- one of a group of ancient Roman officials charged with observing and interpreting omens for guidance in public affairs.
- soothsayer; prophet.
- to divine or predict, as from omens; prognosticate.
- to serve as an omen or promise of; foreshadow; betoken: Mounting sales augur a profitable year.
- to conjecture from signs or omens; predict.
- to be a sign; bode: The movement of troops augurs ill for the peace of the area.
Origin of augur1
- to argue, talk, or converse.
- an excessively talkative person.
Origin of augur2
Examples from the Web for augur
And they augur badly for the overall effort, revealing the deep level of distrust the Turkish president harbors for the West.Turkish President Declares Lawrence of Arabia a Bigger Enemy than ISIS
October 13, 2014
This is a trend that does not augur well for a Paul candidacy.Rand Paul vs. the Real World
September 10, 2014
The three elections were all about the same thing—hope for this new future the Obama coalition seemed to augur, or fear of it.Is the GOP Finally Scorching Itself?
September 3, 2014
The pope's comment that he wouldn't 'judge' gay priests seemed to augur a new era of inclusiveness from the church.Francis the Radical?
Barbie Latza Nadeau
July 29, 2013
That disregard does not augur well for the coming debate over immigration reform.Mass Immigration Hammers the Working Class
January 3, 2013
I say this, because for the present project I can augur no success.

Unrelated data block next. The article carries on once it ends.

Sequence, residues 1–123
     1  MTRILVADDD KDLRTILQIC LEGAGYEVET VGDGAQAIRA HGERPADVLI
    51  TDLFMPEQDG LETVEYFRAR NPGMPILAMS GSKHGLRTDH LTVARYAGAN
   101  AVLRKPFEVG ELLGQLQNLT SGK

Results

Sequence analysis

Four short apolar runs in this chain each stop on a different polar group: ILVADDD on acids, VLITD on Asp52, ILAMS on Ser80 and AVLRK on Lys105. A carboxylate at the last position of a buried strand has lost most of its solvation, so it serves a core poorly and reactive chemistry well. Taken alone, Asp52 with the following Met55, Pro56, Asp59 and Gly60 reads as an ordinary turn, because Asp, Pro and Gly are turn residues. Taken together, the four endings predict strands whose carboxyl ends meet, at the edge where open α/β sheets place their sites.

Tell me frankly what could you augur for a cause of which this youth was to be the champion?'
Chipping it with an adze, and boring it with an augur, to ascertain its quality.The Sailor's Word-Book
William Henry Smyth
I augur little success from the plan which you have been induced to follow.The Peasant and the Prince
In so far their suggestion would not augur well for the execution.Face to Face with Kaiserism
James W. Gerard
- Also called: auspex (in ancient Rome) a religious official who observed and interpreted omens and signs to help guide the making of public decisions
- any prophet or soothsayer
- to predict (some future event), as from signs or omens
- (tr; may take a clause as object) to be an omen (of); presage
- (intr) to foreshadow future events to be as specified; bodethis augurs well for us
Word Origin and History for augur
1540s, from Latin augur, a religious official in ancient Rome who foretold events by interpreting omens, perhaps originally meaning "an increase in crops enacted in ritual," in which case it probably is from Old Latin *augos (genitive *augeris) "increase," and is related to augere "increase" (see augment). The more popular theory is that it is from Latin avis "bird," because the flights, singing, and feeding of birds, along with entrails from bird sacrifices, were important objects of divination (cf. auspicious). In that case, the second element would be from garrire "to talk."
c.1600, from augur (n.). Related: Augured; auguring.